I did find the bird Eye AF can get a little confused if the bird in question has markings that create false eyes, but otherwise, the AF performance is simply remarkable. In tracking human subjects running, I found accuracy to be better than on my already very good Sony A7R IV.
The R6 also has outstanding capabilities beyond the autofocus for sports and action photography. The camera can shoot at up to 12 frames per second with the mechanical shutter and up to 20 frames per second in electronic shutter mode, all with continuous AF tracking. The sensor readout is around 1/50s on the R6, which will actually provide minimal distortion for most human shooting, but will be too slow for things like motorsports, hummingbirds or for use in tracking birds in flight due to rolling shutter artifacts. However, even ignoring the electronic shutter mode, 12 fps is very fast for action, and works with most RF and newer EF mount lenses.
There are a handful of limitations, however, as the framerate is dependent on using the newer LP-E6NH battery and having a battery charge above 60%. As battery power fades, so too does the top framerate available on the camera. I will say that despite the manual stating that 60% charge is required for the top-end frame rate, in my experience, that top frame rate is maintained at notably lower charge levels, and I can still shoot at 12fps until the battery drops below 30% or even a little lower.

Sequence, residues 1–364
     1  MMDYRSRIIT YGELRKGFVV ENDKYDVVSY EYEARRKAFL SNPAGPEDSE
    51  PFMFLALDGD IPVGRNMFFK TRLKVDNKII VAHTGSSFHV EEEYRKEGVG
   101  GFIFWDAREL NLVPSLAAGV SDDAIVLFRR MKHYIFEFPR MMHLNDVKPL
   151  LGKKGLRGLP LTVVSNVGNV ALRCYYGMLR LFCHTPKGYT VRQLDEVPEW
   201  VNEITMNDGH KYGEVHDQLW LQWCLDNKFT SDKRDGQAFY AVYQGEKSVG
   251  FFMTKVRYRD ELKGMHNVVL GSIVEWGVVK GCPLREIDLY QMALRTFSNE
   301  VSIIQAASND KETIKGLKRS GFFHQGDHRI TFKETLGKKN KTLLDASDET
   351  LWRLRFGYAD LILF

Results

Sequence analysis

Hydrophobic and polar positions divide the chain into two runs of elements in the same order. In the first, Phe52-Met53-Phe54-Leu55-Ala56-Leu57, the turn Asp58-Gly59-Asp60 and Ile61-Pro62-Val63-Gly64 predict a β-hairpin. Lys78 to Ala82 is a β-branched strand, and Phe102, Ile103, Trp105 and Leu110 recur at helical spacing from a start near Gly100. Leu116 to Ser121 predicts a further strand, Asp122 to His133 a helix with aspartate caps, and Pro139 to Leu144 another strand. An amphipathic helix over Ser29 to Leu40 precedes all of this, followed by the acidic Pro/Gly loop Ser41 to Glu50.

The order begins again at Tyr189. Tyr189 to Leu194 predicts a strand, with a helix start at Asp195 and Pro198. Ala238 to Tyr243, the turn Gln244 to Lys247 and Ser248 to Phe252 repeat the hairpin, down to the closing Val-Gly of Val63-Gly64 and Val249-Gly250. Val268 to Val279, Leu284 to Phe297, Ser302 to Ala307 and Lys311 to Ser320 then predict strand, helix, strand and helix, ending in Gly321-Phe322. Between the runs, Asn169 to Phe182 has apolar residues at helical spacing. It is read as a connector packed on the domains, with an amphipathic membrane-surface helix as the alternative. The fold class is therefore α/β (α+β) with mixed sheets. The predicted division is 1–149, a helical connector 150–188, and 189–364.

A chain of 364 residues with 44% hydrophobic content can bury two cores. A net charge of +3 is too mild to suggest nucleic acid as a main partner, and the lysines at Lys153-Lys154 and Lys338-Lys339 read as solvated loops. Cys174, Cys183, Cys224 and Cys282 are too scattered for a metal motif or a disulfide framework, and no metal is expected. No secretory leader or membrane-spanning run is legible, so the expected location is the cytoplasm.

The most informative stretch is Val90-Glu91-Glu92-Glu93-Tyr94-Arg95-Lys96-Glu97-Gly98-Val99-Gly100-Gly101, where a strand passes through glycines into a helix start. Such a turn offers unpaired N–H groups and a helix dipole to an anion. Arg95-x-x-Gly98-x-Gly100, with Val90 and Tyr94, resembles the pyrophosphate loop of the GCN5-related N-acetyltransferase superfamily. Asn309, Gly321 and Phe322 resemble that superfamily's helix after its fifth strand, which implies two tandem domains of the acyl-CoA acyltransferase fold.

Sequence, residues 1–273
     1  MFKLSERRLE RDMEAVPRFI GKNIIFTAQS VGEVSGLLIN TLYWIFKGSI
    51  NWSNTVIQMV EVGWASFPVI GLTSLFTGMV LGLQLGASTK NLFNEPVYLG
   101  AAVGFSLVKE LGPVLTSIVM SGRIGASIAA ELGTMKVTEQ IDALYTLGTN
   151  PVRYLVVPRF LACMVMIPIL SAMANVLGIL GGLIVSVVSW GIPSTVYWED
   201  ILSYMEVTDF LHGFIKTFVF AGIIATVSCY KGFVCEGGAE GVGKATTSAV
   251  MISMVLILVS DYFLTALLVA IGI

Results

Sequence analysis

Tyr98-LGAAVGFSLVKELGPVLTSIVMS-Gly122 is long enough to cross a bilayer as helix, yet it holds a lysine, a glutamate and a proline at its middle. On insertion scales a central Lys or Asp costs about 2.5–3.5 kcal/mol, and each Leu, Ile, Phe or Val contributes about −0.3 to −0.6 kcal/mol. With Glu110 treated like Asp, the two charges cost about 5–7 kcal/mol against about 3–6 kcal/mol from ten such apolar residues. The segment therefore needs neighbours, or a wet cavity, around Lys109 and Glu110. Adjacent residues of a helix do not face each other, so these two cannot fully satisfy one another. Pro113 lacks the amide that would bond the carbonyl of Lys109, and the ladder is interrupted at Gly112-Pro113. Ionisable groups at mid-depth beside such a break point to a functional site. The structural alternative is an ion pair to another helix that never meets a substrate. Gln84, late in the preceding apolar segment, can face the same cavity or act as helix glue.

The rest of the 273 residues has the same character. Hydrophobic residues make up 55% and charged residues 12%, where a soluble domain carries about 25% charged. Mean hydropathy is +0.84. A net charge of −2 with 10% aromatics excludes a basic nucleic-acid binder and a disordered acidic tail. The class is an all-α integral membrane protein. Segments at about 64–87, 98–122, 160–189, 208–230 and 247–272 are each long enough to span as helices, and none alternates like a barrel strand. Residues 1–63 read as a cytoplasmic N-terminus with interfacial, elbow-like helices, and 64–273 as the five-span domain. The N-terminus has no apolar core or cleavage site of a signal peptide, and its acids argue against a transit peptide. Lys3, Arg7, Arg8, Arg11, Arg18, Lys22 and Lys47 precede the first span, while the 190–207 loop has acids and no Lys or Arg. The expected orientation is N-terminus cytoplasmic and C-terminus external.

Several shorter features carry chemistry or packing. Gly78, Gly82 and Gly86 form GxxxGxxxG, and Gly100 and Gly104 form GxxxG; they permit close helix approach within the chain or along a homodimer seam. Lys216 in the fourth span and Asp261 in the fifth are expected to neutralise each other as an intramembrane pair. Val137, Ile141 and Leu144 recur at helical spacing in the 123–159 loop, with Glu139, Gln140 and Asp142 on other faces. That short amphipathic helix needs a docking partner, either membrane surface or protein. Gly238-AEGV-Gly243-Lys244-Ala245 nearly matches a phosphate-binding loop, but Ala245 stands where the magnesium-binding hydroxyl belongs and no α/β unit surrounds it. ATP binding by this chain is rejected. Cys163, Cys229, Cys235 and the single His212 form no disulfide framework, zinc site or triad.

The camera writes to UHS-II SD cards and does so very quickly. The R6 also has a huge buffer such that you can shoot up to 240 uncompressed RAW files or 1,000 JPEGs in a single burst (according to Canon). The 240 frame RAW buffer is only achievable with the very fastest SD cards. With my mid-range UHS-II cards (150MB/s), I can achieve 81 shots in a single burst with uncompressed RAW at 12fps. Changing to cRAW netted me 347 shots at 12fps before I tired of holding down the shutter button (and wished to save my mechanical shutter). At this stage the buffer still showed 70 shots remaining, so I have no doubt that in cRAW, the buffer is effectively unlimited at 12 fps. Switching to 20 fps electronic drops the cRAW buffer to 157 shots before the camera slowed down. JPEG yields unlimited shooting.